May 252012
Calgary, Canada

For the past 14 years, the Fairy Tales Queer Film Festival has been bringing a wide variety of diverse films and documentaries to Calgary, a city that many across the country might assume would not be so welcoming of such an event.

As the festival opens, there are no protests or any groups calling for it to be shut down. Its popularity and longevity is a sign of just how far we’ve come as a city and it’s a wonder that the rest of Canada hasn’t realized just how gay-friendly Calgary has become.

While Toronto and Vancouver often get all the attention when it comes to celebrating gay diversity, Calgary has been making huge progress in accepting anyone that chooses to live in the city where it snows years round. Calgarians have grown incredibly supportive of festivals, parades and other events that support all types of diversity.

As with many cities, such resounding support is a relatively new development. A lot of Calgarians fought tirelessly for the rights of the LGBT community in Alberta, but it would be silly for the rest of Canada to go on and ignore just how much progress our city has made, especially given our dated redneck reputation.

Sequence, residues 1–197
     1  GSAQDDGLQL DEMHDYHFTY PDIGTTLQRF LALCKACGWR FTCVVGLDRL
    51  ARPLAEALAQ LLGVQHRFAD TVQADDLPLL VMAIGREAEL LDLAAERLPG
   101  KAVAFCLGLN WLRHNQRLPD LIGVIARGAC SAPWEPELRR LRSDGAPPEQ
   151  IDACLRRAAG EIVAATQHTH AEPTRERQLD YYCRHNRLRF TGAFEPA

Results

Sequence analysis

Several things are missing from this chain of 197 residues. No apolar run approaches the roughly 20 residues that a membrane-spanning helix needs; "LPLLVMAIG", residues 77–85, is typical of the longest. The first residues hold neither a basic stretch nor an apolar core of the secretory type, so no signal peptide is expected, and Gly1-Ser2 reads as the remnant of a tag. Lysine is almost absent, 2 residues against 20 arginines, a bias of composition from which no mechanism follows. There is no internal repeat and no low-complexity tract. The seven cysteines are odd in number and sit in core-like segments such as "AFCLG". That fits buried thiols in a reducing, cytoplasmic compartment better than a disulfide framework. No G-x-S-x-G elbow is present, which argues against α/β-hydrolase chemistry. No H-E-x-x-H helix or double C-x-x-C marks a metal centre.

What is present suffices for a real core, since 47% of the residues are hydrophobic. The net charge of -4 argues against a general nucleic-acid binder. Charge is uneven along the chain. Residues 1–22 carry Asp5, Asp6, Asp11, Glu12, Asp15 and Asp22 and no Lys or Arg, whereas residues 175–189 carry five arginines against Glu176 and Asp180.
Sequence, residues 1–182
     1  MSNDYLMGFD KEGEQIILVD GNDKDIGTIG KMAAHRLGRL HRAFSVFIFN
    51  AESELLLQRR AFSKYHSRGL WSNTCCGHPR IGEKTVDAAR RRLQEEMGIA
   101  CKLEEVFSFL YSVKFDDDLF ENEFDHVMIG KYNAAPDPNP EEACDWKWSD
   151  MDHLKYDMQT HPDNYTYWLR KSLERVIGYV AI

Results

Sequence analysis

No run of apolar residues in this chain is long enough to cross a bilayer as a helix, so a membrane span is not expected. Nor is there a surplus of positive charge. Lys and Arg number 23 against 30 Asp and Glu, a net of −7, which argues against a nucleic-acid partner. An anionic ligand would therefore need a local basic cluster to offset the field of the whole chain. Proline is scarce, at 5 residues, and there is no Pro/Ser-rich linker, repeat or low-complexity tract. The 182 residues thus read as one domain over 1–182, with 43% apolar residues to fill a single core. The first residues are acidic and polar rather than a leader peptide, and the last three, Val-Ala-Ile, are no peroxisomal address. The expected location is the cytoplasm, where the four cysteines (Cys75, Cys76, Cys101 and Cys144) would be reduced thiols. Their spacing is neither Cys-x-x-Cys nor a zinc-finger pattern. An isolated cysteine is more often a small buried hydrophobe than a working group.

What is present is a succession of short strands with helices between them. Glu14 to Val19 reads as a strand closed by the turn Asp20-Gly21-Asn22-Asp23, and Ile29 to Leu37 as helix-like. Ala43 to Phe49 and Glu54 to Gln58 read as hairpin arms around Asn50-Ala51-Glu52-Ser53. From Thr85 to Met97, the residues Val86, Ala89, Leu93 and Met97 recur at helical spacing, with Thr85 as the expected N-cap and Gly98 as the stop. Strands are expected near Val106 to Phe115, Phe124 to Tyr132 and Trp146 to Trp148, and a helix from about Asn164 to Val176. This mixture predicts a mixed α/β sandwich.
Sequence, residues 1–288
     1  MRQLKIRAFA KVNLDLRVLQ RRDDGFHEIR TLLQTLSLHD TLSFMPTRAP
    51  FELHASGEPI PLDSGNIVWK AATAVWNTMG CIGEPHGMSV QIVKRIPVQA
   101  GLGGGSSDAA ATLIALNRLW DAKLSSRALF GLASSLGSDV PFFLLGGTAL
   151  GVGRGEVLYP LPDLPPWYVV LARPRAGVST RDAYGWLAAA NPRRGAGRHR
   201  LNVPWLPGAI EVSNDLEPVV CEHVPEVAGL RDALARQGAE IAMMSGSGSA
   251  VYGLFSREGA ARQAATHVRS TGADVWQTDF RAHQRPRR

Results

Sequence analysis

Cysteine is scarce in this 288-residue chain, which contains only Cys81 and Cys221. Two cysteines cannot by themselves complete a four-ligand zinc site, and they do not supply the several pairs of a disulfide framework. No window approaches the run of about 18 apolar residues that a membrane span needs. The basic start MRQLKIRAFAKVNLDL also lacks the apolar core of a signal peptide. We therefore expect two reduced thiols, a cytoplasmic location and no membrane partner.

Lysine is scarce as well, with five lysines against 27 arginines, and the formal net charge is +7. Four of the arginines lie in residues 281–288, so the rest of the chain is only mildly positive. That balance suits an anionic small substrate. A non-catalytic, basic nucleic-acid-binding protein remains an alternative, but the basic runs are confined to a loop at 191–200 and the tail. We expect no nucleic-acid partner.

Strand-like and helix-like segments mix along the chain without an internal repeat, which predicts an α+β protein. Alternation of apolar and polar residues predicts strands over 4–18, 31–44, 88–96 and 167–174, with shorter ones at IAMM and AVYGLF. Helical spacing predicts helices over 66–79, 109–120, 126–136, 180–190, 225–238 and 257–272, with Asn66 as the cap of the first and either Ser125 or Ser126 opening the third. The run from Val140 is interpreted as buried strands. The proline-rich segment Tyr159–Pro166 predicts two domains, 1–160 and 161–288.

Sure our Pride Parade doesn’t attract millions of people like Toronto’s; actually ours barely closes down a single street. But it’s one that is fully supported and attended by the mayor, Toronto does not have that. We might not have a fully developed gay neighbourhood like Vancouver does, but I’m hoping that’s because Calgary is a place where you can live anywhere and feel the same love and support that places like Davie St. and Church St. offer in bigger cities.

Of course, Alberta still has a long way to go. There will always be people who are against LGTB rights; they’ll probably appear in the comments section as soon as this column is published online.

And as recently as 2010, some doctors continued to bill this province for treating homosexuality as a mental disorder. Local establishments like Club Sapian and Jaroblue, both pillars in the gay community, have recently closed their doors and FabBbar will soon do the same.

So there’s work to do, which is fine. Since when does this city not like to work hard?

As the Fairy Tales Queer Film Festival continues to grow in popularity and acceptance, I hope that the rest of Canada will take notice, because it’s just another example of how much this city has changed, which, in this case, is a really big deal.

Mike Morrison